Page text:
Wednesday, January 28, 2009

Think Local, Buy Local


One of the great things about moving to the central leatherstocking region of New York (we're near Cooperstown) is great, local, fresh food, like the local eggs that we love so much that Robin sent a card to the lady who gathers them. We buy those eggs, and lots of other terrific fresh, local, organic food at It's All Good Grocery in Cherry Valley.

I grew up in rural Arkansas. We had a big garden, a horse, a cow sometimes, pigs most of the time (and seeing how smart they are is a big reason I don't eat pork anymore, but that's another post for another day). Of all the great food we get from Cindy, Terry, and Bill, it's the eggs I love the most. They carry local eggs from several different places, but we really love Coralee's...

In these hard times, when people are tightening their belts, staying home to eat more meals, I sure hope that small, local organic groceries become more popular. Eating out is so expensive that you could eat all organic, if you cooked at home, for the same money as a dinner out would cost. In these times of concern for sustainability and a green economy, remember that all of those concerns are already being addressed by your local organic, natural, and sustainable grocery.

4 comments:

kyle parrish said...

I love organics. It's the best way to go! Please check out my blog and send me any info you would like me to add to the blog. I am excited to learn more on organics while supply a page of organic info to beginners. thanks, Kyle

http://organicfarming2008.blogspot.com

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OrganicLover said...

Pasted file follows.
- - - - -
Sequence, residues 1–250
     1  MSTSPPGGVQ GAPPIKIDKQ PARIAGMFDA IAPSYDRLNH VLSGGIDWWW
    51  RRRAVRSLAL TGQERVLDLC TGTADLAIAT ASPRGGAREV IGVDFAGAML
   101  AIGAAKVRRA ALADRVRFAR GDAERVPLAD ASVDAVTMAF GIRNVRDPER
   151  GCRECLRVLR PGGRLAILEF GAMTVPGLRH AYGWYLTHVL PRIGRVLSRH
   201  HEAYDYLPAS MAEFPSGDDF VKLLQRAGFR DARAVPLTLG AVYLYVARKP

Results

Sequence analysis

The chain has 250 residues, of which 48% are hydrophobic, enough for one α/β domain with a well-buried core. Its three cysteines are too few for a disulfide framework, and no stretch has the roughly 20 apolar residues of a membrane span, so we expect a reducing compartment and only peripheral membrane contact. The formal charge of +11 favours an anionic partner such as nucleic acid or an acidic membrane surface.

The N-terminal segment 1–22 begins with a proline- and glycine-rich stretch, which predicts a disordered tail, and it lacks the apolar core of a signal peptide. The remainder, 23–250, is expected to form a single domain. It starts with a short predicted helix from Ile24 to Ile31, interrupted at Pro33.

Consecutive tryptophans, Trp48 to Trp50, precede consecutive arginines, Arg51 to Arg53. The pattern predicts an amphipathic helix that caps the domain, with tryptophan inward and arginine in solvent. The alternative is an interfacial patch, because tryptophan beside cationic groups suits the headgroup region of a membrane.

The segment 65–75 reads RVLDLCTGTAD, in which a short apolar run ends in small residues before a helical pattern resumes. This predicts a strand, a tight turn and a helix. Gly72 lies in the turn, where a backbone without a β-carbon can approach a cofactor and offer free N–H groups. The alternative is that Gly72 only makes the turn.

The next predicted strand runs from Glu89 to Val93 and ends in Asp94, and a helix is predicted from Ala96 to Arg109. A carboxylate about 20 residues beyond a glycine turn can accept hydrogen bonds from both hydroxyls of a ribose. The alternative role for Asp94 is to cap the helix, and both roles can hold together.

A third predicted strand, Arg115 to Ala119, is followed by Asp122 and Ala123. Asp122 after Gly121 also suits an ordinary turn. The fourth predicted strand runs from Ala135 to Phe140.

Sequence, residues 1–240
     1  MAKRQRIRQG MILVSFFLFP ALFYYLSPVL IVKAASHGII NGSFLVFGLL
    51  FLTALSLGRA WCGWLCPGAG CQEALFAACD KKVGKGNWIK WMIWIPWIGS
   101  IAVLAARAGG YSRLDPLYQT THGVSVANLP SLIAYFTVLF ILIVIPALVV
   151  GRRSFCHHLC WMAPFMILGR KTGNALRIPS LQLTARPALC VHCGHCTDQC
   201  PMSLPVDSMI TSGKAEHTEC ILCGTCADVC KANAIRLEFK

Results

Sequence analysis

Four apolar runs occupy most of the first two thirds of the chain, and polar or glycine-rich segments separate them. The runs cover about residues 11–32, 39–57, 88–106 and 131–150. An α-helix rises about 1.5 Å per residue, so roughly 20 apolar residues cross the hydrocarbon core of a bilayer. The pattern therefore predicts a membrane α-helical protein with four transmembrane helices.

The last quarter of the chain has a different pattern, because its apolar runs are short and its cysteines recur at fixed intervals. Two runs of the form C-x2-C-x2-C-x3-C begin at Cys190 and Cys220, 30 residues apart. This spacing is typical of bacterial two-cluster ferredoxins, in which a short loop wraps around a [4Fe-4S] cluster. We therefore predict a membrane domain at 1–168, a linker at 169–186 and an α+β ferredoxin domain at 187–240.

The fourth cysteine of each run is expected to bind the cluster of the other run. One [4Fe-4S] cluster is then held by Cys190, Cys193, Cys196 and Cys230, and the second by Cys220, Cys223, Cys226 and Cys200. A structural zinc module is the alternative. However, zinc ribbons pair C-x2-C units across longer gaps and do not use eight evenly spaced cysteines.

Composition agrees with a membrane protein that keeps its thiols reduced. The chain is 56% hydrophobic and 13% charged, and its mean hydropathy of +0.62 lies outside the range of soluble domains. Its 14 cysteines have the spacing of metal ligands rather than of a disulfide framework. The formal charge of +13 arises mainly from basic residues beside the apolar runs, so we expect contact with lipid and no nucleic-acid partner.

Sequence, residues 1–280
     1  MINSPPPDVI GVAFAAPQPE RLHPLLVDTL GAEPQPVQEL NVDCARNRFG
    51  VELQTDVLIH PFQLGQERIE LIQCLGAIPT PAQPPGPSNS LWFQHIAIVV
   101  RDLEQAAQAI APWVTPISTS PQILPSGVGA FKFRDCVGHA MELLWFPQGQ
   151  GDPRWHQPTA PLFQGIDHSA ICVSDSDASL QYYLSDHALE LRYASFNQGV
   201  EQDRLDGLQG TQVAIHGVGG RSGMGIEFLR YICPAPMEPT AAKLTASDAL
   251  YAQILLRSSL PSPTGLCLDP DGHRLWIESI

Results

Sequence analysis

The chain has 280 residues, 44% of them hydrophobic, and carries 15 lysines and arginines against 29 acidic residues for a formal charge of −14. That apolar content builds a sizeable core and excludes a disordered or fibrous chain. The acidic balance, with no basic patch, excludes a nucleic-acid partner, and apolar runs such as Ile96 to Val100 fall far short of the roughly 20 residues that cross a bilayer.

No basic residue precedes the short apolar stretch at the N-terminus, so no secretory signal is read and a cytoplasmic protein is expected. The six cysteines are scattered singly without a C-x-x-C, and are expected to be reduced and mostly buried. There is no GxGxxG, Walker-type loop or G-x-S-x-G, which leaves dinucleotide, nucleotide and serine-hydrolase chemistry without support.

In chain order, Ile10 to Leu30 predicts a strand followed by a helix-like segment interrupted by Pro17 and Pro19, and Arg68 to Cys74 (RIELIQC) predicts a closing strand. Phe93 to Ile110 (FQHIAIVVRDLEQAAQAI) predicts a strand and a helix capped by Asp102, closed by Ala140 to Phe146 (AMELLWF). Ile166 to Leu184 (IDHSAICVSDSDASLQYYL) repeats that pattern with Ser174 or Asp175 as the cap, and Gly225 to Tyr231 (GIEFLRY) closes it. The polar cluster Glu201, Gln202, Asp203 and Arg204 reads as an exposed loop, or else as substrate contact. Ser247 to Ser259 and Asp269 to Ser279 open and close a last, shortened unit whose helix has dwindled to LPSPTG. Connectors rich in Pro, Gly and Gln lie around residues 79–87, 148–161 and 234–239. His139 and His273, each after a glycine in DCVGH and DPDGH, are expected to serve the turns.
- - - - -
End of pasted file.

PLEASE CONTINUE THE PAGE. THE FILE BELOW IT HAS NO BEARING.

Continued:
Yeah, BUT it's expensive to buy...

So to those of you who love or seek to grow your own organic vegetables, herbs, berries at al. here's how:

I recently came across this new company that set up what's called a "Portable Eco-Farm" in my backyard. Not only do I grow my own ORGANIC, PESTICIDE and FERTILIZER FREE vegetables and herbs I also am growing my own Tilapia fish!!!

The system uses some kind of new aquaponic tech. that filters the mineral laden water from the fish tank to my vegetable grow trays, the veggies clean the water and then pass the purified water back to my Tilapia.

I also opted to use Solar Panels on my greenhouse which means I am saving water and not using any externally energy!!!
They came to my house, built my Portable Eco-Farm and taught me how to care for it. IT ONLY TAKES ME 5 MINUTES A DAY, and my 12 year old daughter likes to do it for us. The system is pretty cheap for what you get and with my farm my ROI is approx. 19 months (unless I switch to growing coy fish for retail or decide to sell my organic homegrown fare!)

If anyone is interested check out there site. I met with Chris, the owner, and he dialed me in completely, evening customizing my own greenhouse! These guys are really knowledgeable and easy to work with. Check them out: www.portableecofarms.com

OrganicLover, SD

lovesbeauty said...

Living in the city, all organics are "imported". How can I tell where they are from, and also what is the "radius" for being considered "local"?

~ Wajihah Gregor

Scott Supak said...

Wajihah, not necessarily. Many cities have large urban gardens, community gardens, even places where you can grow your own. Some of the most beautiful small farms I've ever seen were inside city limits. You have to ask if it's not on the label.

I've heard that within 100 miles is considered "local."